Visit windpowermonthlyevents.com for the latest on our upcoming conferences and webcasts

Germany

Germany

SUBSIDIES INCREASINGLY HARDER TO COME BY

The German 250 MW programme has attracted 5198 applications for financial support. Some 56% of these have already been rejected while the rest are waiting or know already that they have been successful.

The chances of winning support under Germany's 250 MW programme are diminishing and now stand at about 50:50. Of the total 5189 applications received, 2286 have either been successful or have not yet been decided, with 2903, or 56% of all applications rejected.

The programme has now supported the erection of over 1000 wind turbines. The administrating body, Jülich Research Centre, reports that by the end of July 1994, 1158 turbines with a nominal capacity of 130.825 MW had been granted support and are now running. The turbines represent 887 separate applications for support. The final deadline for applications under the programme is end-1995. Decisions on which will be the last projects to receive support will be made in 1996 with installation in 1997. The DEM 0.06/kWh production subsidy awarded to projects in the 250 MW programme is paid for up to ten years, so it will finally come to a close in 2007.

Applications have been made for grand total of 9113 turbines with a nominal capacity of 1523.48 MW. Of these 1086 applications for 1453 turbines, representing 187.584 MW, had been approved by the end of July, of which 56.759 MW had not been installed.

Since 1989 a good DEM 70 million has flowed through the support programme and total money spent on it is expected to eventually reach DEM 350 million. It started off as a 100 MW programme in 1989 before being expanded in 1991 to 250 MW, giving the wind industry its first real boost in Germany. The programme provided much of the ground work on which the Electricity Feed Law was based. This law sets a minimum payment by utilities for renewables electricity and now provides the economic basis for the use of wind energy. The programme has also bump-started a significant number of the wind projects running today, through which a wealth of experience has been gathered on a variety of matters, from licensing procedures and wind site characteristics to the behavioural characteristics of wind turbines.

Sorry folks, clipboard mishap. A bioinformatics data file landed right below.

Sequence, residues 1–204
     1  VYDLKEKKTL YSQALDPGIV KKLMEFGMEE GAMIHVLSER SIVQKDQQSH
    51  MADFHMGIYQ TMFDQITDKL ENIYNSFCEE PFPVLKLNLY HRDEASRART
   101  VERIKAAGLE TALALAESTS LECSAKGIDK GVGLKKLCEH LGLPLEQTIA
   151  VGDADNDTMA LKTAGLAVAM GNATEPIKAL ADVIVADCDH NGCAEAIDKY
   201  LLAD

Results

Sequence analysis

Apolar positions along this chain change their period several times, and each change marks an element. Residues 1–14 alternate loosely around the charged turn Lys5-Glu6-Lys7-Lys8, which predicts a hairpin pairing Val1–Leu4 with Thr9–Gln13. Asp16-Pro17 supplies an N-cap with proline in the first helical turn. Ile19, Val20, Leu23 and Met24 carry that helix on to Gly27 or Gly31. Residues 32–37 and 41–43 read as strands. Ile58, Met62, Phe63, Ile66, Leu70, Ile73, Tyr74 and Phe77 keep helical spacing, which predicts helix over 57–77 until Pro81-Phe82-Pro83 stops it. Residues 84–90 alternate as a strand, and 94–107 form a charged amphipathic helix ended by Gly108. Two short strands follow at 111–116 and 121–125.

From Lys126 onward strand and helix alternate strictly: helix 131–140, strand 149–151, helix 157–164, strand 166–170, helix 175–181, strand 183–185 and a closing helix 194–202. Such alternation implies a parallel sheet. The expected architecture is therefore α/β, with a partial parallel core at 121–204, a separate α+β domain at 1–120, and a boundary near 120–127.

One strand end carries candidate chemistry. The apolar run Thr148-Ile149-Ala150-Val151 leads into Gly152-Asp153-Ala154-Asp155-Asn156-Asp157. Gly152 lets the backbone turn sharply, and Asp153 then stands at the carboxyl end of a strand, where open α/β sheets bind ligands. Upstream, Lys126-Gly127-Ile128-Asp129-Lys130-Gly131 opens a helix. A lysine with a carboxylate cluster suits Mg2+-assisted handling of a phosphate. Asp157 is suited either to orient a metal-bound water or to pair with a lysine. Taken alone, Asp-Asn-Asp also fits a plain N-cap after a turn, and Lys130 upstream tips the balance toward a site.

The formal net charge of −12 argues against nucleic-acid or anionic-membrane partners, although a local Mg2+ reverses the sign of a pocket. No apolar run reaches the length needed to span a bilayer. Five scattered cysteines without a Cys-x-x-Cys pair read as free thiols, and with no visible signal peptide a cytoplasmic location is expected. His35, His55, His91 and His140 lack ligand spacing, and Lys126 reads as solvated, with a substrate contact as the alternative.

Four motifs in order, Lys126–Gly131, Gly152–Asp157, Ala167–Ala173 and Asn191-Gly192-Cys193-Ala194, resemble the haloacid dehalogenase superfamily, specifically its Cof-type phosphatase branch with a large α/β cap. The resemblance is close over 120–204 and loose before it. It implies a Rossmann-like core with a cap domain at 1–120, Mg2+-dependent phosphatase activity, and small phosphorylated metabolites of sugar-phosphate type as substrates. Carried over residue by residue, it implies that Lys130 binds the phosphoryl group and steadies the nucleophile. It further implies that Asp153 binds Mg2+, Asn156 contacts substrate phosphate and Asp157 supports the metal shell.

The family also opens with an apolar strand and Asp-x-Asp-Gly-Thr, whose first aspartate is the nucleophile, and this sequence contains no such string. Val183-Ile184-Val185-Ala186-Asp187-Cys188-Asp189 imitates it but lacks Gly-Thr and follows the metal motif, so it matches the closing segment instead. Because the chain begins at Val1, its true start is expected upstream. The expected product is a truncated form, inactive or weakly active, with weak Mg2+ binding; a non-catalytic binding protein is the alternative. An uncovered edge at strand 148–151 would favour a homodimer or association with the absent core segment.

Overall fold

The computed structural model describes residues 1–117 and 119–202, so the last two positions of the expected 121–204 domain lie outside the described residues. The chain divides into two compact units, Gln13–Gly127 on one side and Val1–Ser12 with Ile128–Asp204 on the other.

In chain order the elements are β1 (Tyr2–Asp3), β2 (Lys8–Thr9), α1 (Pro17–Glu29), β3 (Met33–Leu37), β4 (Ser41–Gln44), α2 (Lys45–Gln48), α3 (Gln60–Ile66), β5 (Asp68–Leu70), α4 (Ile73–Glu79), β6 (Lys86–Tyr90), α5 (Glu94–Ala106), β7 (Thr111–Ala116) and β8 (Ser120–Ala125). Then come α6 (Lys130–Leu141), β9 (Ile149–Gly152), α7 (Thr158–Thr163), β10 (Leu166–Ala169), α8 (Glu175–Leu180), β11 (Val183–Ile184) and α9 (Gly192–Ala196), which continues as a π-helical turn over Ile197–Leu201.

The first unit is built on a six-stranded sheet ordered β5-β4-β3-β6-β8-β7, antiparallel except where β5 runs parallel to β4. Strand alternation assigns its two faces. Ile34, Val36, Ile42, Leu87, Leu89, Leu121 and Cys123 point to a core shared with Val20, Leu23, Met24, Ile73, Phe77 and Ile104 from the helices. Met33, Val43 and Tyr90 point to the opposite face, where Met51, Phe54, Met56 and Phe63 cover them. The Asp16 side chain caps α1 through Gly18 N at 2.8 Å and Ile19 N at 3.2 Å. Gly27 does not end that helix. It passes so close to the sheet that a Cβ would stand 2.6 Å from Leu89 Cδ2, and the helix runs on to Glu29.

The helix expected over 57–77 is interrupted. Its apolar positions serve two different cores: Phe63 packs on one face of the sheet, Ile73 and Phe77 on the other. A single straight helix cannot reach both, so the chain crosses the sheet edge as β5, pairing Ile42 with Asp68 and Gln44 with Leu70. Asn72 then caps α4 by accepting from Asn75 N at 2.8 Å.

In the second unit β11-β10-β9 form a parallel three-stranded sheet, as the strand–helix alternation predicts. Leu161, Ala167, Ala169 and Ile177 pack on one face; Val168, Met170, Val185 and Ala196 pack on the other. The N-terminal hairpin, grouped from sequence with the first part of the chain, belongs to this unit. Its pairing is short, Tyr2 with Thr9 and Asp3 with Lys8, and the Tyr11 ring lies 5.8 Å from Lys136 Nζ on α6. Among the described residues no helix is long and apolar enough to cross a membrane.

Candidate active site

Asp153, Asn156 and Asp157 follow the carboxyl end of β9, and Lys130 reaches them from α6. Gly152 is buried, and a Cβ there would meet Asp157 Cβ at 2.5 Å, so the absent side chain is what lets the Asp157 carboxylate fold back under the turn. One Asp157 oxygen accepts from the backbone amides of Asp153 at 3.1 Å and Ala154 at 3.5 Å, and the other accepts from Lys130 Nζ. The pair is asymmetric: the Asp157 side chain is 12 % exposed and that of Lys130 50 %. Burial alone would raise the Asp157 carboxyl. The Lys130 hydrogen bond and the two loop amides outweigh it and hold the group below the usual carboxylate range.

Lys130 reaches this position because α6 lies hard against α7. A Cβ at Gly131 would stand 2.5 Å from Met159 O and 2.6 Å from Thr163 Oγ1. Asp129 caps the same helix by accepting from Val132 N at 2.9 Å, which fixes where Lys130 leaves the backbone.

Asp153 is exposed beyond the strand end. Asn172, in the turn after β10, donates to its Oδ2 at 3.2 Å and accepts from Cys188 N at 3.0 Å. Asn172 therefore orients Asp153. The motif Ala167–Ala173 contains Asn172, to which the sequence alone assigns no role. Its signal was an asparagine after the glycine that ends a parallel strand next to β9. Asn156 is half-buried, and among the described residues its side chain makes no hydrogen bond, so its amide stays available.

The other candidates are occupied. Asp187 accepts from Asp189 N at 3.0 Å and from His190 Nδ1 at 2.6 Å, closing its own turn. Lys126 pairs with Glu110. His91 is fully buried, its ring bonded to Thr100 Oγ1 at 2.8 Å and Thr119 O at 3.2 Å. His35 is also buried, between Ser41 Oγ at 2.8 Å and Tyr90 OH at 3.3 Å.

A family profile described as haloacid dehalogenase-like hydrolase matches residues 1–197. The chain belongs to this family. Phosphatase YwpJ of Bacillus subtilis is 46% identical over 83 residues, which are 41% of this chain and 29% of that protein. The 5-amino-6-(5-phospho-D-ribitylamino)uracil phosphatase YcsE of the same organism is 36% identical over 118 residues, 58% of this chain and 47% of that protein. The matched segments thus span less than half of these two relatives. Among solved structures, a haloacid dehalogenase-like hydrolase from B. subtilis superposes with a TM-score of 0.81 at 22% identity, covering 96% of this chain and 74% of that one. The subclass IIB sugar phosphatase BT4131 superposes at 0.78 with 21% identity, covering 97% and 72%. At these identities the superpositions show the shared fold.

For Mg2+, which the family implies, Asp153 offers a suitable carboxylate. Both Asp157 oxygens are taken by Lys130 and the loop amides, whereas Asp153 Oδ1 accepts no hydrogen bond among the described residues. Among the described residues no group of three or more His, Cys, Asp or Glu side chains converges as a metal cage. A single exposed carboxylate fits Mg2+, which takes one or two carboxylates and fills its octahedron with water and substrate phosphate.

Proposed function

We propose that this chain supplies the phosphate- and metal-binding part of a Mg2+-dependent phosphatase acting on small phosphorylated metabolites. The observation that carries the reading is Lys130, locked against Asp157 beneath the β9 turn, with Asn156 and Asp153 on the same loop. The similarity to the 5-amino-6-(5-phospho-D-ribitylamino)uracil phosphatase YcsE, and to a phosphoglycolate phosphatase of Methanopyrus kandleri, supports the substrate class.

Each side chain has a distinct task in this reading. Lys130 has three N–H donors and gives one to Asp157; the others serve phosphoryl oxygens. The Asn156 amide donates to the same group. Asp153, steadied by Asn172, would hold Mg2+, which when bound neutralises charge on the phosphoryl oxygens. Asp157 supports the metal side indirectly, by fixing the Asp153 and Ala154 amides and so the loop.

Have you registered with us yet?

Register now to enjoy more articles
and free email bulletins.

Sign up now
Already registered?
Sign in

Before commenting please read our rules for commenting on articles.

If you see a comment you find offensive, you can flag it as inappropriate. In the top right-hand corner of an individual comment, you will see 'flag as inappropriate'. Clicking this prompts us to review the comment. For further information see our rules for commenting on articles.

comments powered by Disqus

Windpower Monthly Events

Latest Jobs